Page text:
The Ontario Trillium Benefit (OTB) is a monthly benefit payment issued to eligible lower-income families and taxpayers living in Ontario. If you’ve recently applied for OTB or have been receiving regular OTB payments, then you may receive an OTB notice.
An OTB notice is just a notification from the CRA regarding your benefits. The notice may inform you that you’ve been approved for benefits, need to pay back a certain amount, or explain an increase or decrease to your benefit payments.
Below, I’ll outline some of the main reasons why you may receive an OTB notice and answer some other commonly asked questions regarding OTB eligibility, application, and benefit payments.
If you’ve recently applied for the Ontario Trillium Benefit, then you may receive an OTB notice in the mail regarding your application status and explaining whether you’ve been approved or denied for benefits.
On the other hand, if you’re already receiving OTB payments, then the OTB notice was likely sent out to inform you of changes to your account or the OTB program as a whole.
In some cases, a mailed OTB notice may not include many details. Instead, the notice may require you to log into your CRA MyAccount to view more information. This ensures that your information remains private. However, these notices can be a bit nerve-racking, especially if you don’t know what to expect.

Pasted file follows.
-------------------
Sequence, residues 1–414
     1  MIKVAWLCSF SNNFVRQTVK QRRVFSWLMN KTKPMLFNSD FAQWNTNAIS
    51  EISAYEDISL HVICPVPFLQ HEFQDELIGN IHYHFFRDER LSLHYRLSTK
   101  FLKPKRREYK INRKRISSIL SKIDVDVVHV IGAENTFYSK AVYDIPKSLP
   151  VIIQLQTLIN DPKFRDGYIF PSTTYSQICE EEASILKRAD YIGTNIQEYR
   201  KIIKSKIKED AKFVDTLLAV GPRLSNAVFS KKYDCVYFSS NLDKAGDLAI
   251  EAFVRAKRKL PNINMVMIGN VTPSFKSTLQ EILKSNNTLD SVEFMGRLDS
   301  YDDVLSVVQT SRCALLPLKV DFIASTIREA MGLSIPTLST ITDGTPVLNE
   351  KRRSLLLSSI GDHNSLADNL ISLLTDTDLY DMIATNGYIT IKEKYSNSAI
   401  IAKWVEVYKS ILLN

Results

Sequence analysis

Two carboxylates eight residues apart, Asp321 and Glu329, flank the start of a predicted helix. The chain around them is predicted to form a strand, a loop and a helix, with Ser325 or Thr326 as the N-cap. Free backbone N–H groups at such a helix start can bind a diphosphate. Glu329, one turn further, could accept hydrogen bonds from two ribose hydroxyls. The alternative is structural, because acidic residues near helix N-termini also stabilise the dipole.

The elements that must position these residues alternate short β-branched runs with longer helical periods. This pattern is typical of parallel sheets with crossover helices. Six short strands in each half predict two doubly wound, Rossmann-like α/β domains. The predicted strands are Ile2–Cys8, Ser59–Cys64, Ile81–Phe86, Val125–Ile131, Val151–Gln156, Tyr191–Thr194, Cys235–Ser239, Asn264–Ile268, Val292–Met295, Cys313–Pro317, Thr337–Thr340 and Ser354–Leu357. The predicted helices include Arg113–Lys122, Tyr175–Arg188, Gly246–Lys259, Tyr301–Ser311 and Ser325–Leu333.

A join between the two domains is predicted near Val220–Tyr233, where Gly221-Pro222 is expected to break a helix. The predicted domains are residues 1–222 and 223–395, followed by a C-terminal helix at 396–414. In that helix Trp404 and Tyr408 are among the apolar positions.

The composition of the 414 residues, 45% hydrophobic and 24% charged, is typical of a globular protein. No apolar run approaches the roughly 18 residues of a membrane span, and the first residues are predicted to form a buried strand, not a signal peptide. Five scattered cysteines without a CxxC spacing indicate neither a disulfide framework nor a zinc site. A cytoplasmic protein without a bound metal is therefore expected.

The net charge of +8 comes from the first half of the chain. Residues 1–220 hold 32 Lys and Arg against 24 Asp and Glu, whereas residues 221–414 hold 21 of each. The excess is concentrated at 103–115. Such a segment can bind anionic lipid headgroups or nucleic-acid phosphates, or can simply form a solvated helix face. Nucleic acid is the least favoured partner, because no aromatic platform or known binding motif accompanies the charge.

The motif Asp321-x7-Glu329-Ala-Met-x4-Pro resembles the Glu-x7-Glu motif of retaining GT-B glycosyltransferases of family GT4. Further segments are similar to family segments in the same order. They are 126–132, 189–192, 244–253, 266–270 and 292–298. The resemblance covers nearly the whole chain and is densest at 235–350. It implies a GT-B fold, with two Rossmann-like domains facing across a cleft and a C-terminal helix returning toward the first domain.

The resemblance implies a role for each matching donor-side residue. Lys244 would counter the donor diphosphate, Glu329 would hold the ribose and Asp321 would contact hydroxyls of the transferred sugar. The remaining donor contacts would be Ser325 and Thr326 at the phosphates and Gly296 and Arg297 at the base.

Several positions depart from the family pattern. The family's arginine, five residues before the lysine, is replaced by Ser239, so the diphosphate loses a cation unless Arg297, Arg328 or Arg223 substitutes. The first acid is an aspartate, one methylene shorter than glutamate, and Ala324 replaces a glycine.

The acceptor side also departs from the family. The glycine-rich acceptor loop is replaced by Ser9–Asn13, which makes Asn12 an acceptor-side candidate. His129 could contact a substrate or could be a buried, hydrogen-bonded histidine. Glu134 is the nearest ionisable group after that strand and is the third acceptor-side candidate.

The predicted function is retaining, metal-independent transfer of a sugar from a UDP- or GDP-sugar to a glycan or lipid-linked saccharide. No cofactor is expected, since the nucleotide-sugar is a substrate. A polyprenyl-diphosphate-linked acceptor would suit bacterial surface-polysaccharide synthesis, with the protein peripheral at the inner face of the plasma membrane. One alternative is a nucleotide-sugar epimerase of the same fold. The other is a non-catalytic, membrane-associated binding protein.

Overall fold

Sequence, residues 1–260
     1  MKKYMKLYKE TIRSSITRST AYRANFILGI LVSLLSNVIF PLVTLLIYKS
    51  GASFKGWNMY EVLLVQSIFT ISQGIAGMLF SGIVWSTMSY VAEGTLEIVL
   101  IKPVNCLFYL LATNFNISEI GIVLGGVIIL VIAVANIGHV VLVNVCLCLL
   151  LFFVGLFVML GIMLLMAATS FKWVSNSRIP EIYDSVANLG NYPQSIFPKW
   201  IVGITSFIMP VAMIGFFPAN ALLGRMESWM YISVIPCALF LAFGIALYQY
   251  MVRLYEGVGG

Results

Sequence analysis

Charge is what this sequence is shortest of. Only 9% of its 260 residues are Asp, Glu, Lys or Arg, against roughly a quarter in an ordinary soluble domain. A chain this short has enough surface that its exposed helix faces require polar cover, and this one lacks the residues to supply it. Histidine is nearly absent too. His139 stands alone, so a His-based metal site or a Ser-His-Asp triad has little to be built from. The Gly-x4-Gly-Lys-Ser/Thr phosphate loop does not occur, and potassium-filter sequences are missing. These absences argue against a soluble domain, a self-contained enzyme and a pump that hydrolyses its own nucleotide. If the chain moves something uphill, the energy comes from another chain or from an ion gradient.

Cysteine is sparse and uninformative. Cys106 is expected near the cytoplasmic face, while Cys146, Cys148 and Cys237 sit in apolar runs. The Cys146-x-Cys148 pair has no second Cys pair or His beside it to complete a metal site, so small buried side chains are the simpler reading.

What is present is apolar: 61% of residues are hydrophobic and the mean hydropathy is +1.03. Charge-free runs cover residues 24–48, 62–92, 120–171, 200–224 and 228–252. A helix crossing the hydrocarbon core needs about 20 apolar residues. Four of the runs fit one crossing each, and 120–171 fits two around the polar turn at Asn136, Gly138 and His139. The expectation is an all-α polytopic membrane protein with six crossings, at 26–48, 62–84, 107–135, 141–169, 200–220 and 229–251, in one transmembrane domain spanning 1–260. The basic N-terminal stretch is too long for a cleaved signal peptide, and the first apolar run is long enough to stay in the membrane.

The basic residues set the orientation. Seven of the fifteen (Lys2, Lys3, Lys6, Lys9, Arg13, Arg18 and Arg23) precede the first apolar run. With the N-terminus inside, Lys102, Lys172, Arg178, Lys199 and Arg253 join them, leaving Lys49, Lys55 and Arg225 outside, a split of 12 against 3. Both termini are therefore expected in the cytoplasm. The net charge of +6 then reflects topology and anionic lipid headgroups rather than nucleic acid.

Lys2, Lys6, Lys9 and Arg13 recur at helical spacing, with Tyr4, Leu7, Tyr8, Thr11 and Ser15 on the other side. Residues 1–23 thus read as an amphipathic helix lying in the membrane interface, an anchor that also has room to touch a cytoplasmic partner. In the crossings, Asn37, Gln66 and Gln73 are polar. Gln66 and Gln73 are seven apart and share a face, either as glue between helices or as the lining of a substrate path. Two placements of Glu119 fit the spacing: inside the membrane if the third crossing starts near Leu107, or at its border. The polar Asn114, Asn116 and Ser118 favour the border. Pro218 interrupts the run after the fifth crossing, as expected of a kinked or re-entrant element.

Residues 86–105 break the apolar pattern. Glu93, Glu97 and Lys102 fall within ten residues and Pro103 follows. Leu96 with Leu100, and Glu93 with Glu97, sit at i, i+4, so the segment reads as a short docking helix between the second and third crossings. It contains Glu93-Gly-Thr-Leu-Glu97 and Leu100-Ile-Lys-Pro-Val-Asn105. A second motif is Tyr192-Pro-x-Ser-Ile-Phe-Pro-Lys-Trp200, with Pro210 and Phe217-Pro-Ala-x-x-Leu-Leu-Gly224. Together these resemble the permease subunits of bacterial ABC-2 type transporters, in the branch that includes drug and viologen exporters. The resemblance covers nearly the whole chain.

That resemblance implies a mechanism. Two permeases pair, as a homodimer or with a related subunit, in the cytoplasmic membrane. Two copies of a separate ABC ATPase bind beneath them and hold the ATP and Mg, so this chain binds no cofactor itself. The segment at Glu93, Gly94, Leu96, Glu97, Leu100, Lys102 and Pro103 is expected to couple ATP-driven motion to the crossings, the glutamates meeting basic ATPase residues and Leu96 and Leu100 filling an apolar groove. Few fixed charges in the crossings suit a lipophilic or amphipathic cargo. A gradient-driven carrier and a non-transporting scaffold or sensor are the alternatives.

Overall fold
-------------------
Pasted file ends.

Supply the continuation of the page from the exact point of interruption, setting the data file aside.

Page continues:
Some of the main reasons why Ontario taxpayers may receive an OTB notice include:
- Notice that your OTB application is being processed
- Notice that your OTB application has been accepted or denied
- Notice that you owe money back to the CRA (OTB clawback)
- Notice of changes to OTB benefit payments
- Notice of increased or decreased OTB payments based on your status
If you receive an OTB notice, you should open the letter immediately to figure out what it is. Trust me when I say that this isn’t something you want to procrastinate on. The notice may ask you to call in and speak with an agent or may ask you to log into your CRA MyAccount for more details.
The best-case scenario is that it’s just a routine notice. However, if you owe money back, it’s important to resolve the issue as quickly as possible to avoid penalties from the CRA.
OTB payments are only issued to eligible Ontario residents. Eligibility for OTB benefits depends heavily on your income, along with other factors, such as:
- The part of the province you live in
- Any children or dependents living with you
When any of these factors change, your OTB payments could be affected. For instance, the Northern Ontario Energy Credit is only available to Canadians living in the northernmost region of Ontario. If you move south, then your benefit will be adjusted to account for this.